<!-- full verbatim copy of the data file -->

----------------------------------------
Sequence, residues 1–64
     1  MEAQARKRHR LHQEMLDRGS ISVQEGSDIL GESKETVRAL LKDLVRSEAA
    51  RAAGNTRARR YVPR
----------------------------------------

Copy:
Sequence, residues 1–64
     1  MEAQARKRHR LHQEMLDRGS ISVQEGSDIL GESKETVRAL LKDLVRSEAA
    51  RAAGNTRARR YVPR